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MARCH 2021 Blues Vol 37 No. 3

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MARCH 2021 Blues Vol 37 No. 3

Over the last month I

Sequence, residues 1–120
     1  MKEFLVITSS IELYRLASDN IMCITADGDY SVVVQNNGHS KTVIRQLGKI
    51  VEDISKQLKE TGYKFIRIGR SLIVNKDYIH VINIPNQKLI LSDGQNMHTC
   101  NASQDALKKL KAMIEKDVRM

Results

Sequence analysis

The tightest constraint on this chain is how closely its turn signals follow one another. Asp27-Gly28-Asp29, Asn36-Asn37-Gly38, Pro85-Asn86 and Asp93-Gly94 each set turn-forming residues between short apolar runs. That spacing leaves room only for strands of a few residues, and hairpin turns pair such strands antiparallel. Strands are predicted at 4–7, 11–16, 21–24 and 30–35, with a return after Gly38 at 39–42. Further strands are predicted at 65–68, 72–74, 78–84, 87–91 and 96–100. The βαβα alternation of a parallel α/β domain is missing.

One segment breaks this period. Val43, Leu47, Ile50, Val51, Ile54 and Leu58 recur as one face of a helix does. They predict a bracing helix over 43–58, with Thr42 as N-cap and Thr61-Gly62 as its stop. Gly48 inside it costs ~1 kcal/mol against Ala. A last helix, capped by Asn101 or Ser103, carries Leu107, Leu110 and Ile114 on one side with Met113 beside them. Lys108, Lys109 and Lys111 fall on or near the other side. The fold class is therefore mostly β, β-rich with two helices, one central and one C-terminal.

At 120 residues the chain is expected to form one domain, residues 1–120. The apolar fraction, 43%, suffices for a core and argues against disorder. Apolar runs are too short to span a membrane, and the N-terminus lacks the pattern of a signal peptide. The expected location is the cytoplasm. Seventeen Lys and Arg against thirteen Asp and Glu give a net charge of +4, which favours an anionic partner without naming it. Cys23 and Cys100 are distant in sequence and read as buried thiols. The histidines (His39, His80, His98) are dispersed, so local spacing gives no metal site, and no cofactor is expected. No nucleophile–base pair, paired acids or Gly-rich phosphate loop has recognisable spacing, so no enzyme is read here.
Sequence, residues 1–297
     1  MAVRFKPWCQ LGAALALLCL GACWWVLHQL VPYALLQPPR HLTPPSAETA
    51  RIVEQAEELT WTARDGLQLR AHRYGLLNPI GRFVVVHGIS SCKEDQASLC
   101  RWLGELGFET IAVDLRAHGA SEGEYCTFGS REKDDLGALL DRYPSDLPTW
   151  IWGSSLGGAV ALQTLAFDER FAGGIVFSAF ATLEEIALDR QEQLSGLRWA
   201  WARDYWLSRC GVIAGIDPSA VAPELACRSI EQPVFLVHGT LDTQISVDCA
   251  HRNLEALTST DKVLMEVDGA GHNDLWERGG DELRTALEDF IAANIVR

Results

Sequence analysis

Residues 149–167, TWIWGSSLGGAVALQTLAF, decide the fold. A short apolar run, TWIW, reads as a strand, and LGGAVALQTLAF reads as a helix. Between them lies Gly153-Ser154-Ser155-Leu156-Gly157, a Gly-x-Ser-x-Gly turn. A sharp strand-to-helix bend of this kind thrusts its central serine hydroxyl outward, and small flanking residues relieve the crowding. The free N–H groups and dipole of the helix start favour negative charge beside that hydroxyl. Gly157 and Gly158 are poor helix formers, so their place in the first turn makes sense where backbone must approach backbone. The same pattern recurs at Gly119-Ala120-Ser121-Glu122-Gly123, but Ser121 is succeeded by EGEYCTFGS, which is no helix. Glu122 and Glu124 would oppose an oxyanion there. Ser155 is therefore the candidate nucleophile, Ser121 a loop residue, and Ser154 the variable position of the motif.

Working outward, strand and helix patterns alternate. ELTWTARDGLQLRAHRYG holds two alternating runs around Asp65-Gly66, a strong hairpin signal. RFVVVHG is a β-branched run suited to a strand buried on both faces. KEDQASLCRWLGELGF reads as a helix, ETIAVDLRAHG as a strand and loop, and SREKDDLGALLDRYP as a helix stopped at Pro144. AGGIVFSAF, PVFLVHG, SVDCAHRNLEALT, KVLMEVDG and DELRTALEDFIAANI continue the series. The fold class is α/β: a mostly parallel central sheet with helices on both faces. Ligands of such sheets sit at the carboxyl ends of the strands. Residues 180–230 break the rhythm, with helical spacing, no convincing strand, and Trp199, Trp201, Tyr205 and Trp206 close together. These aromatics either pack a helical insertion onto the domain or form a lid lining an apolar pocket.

Over the last month I have had of total fear among those who 0,000 the privilege to be involved ..what in are it at won’t the most risk, get our senior you. multiple Special Assignments/ Operations. Now, I know most of you were just rolling your eyes at the terms Special Assignment or Special Operation……but hear me out. There were the vaccination lines, where I personally saw so many people come in with hopeful eyes and worry upon their faces. After the inoculation, you could literally see the stress level on their faces instantly fade. Tears, literally tears streaming down their faces. Tears of joy, relief and absolute peace from the terrifying worries of COVID-19. As we (our country) near the 500,000 lost souls mark, one can clearly see the realization citizens, medically susceptible and of our first responders/medical staffers. To be a small part of huge operations taking place across our country, was and continues to be a privilege. Secondly, working straight through several days/nights during the wretched winter freeze we (our state and county) have just endured, right after Valentine’s Day. We knew this winter storm was coming, but I have to say, I don’t believe anyone really expected or knew (at least at our level) just how bad, difficult, challenging and ultimately, heartbreaking it was going to really be. There was the ice, snow, freezing temperatures and of course, REX EVANS the shock and awe of it all. Then, reality settled in. Hundreds, no thousands, of people were without power, heat and then no water. People of all races, ethnicities, economical statuses were finding themselves in a struggle to simply survive. Tragically, some of our neighbors did not. They sat quietly in the dark and freezing cold and they slipped the binds of this life and went onto the next, leaving behind heartbroken family and friends. I was able to spend my time on Special Assignment with other Deputies from Pct. 1 and Pct. 4 Constables Offices (Constable Alan Rosen and Mark Herman). We were stationed at Gallery Furniture’s turned Warming Center. Now, to some this might seem odd, at first glance. However, it was not to me. You see, ole Mattress Mac (Jim McIngvale), has time and time again stood where others dared to never stand. He has stood up for the hardest hit in our society, the poorest and most deeply in need. And, from my own personal experience from years ago, he donated a chair to help me recover after being seriously injured in the Line of Duty. In a way, it was a small way for me to give back to Mr. Mc- Ingvale and everyone at Gallery Furniture who helped me when I was down. In a larger way, it was my opportunity to help those in our community who were finding themselves, through no fault of their own, in their darkest of hours. It was not an easy time for any of us there, but it was one of those experiences in my career, no matter how hard it was, in the end, it was highly rewarding. One of the most profound moments of the entire assignment for me was when an elderly and physically impaired woman with a walker, couldn’t get into the restroom without assistance. Now, she was obviously cold, tired and in dire need of relief. More profoundly though, she was highly embarrassed and frustrated. With huge tears streaming down her face, she sat in the main lobby of Gallery Furniture at about two in the morning and I quietly walked over and sat beside her. I placed my arm around her, and I told her “I know it’s tough. I know you’re hurting. I am so sorry this has happened to you, but come daybreak you and I will still be here together, ok? I am not going to leave you here, alone.” She placed her head upon my shoulder and cried. For about a minute we sat there, and she finally spoke. She said, “I’m scared.” All I could think to say was “I know. We all are, but here were all are, scared together. That’s better than being at home, scared alone, right?” In that moment, she smiled. I knew I had reached her, and I knew, if only for a moment, she felt safe and secure. I figured that was exactly what I was there for, not for the “Enforcement Action or Peace Keeping Action”. I was there for the singular component of “The Human Action.” To simply be a kind, compassionate and caring human being. While I have worked hard and some exceptionally long hours since being back at Pct. 1, I must tell you, I have found it to be highly rewarding to back out among people in dire need in desperate times and finding a way to bring some semblance of peace and tranquility in an otherwise tumultuous time of fear, worry and uncertainty. It has been, a sincere and humbling privilege, one which I am and shall forevermore be, grateful for. 6 The BLUES POLICE MAGAZINE The BLUES POLICE MAGAZINE 7

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